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Driverless cars improve mobility while mandatory V2I invades privacy

President Obama recently gave a speech in Virginia calling for mandatory installation of vehicle-to-vehicle and vehicle-to-infrastructure communications in all cars. By coincidence, last week the Association for Unmanned Vehicle Systems International held its annual symposium on autonomous (that is, driverless) cars in California.

Vehicle-to-infrastructure communication, also known as V2V, allows vehicles to communicate with one another to allow them to avoid accidents, while V2I allows highway infrastructure (such as traffic signals) to communicate directly with motor vehicles. While Obama touts the safety benefits of these technologies, there are at least four reasons why they should not be mandatory.

First, V2V and V2I communications pose serious security risks for travelers and cities. With V2V communications, an automobile that suffers a fender-bender would communicate to all nearby vehicles that they ought to take a different route to avoid congestion.

That sounds good, but what happens when someone hacks the system and puts out radio signals in a hundred or a thousand critical urban intersections that effectively shut down traffic in an entire city? As one expert at the driverless vehicle symposium observed, “just think of the opportunities for chaos.”

Second, V2I communications will allow the nanny state to monitor and control when and where you travel. For example, PC Magazine observes that V2I is “so accurate a revenue-hungry town could write tickets for doing 57 in a 55 zone.”

Worse, suppose your state decides to cut per capita driving in half, which isn’t far fetched considering that in 2008 the Washington Legislature passed a law mandating such a reduction by 2050. With V2I communications, the government could decide you have driven enough and simply shut off your car.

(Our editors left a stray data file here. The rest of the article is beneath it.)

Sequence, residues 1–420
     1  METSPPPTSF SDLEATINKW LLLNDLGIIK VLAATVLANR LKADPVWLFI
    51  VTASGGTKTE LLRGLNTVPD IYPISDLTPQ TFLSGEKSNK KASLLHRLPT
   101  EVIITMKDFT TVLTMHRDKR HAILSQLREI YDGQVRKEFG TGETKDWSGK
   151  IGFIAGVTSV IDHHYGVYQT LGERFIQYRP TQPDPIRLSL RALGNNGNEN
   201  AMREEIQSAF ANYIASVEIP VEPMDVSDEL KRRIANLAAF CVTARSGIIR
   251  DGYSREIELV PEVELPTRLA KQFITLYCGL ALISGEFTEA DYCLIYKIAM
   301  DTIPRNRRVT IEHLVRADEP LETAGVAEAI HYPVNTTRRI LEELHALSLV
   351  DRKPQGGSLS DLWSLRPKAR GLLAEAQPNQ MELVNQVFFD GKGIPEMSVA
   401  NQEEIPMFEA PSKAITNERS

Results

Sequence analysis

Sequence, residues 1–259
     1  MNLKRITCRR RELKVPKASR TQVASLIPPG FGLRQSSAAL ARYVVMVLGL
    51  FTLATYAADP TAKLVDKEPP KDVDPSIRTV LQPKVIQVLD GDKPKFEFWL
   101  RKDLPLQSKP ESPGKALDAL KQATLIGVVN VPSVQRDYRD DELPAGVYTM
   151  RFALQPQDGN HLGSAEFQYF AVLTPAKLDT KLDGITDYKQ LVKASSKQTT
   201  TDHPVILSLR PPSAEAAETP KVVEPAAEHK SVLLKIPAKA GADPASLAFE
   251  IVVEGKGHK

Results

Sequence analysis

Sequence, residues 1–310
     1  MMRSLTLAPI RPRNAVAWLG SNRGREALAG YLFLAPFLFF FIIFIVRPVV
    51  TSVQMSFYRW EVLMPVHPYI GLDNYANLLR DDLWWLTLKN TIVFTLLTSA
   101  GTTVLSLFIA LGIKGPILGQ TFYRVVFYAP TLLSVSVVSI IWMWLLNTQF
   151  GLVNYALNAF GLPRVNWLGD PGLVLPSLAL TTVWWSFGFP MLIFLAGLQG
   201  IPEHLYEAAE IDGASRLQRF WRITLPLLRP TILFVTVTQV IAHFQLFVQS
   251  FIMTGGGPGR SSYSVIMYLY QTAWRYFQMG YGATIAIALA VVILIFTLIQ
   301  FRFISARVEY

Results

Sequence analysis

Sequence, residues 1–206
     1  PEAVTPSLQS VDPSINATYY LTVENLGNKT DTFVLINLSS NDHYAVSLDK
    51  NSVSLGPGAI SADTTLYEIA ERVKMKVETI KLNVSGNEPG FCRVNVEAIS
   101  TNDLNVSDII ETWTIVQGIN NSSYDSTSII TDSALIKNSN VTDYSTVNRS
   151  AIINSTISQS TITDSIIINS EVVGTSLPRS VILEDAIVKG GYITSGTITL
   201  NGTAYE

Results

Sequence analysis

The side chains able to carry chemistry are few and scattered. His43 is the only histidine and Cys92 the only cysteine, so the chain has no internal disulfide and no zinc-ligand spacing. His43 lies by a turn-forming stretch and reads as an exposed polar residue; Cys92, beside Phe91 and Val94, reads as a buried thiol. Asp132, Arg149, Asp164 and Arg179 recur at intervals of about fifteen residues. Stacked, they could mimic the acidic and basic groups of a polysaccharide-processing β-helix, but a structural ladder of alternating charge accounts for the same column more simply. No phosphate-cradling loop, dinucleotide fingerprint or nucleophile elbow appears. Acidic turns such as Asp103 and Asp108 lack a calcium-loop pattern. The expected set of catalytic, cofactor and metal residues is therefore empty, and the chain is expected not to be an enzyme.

Third, what happens when all cars are dependent on V2I systems that the government can’t afford to maintain? The federal government is notorious for funding capital projects and then providing inadequate money to maintain them, and state and local governments are little better.

Finally, V2V and V2I communications will be an unnecessary added expense to auto ownership. The Department of Transportation says it won’t even have a draft of rules mandating V2V before 2017, and such rules won’t possibly go into effect before 2018. Yet partially autonomous cars that improve safety by providing steering assistance and collision avoidance are already on the market.

Google, Nissan, and other companies expect cars will be on the market by 2020 that will be completely driverless in many situations. These cars will improve safety using sensors detecting all other vehicles, pedestrians and other objects around them, yet they won’t send or receive any signals that could violate user privacy or allow outside parties to control the cars.

These cars will achieve the same safety benefits claimed for V2V without the expense or security problems. Other manufacturers at the driverless car symposium say V2I systems would make the problem of computer-driven cars a little easier to solve, but they don’t trust the government to install or maintain the systems in a timely fashion.

I strongly support new technologies that will enhance personal mobility as well as new ways of financing roads and other infrastructure that ensure that users pay for the cost of what they use without invading anyone’s privacy. V2V and V2I systems offer too many ways to invade privacy and allow government control without providing any greater safety benefits than will come from increasingly autonomous cars.

Randal O’Toole is a senior fellow at the Cato Institute in Washington, D.C., and director of the Transportation Policy Center at the Independence Institute, a free market think tank in Denver.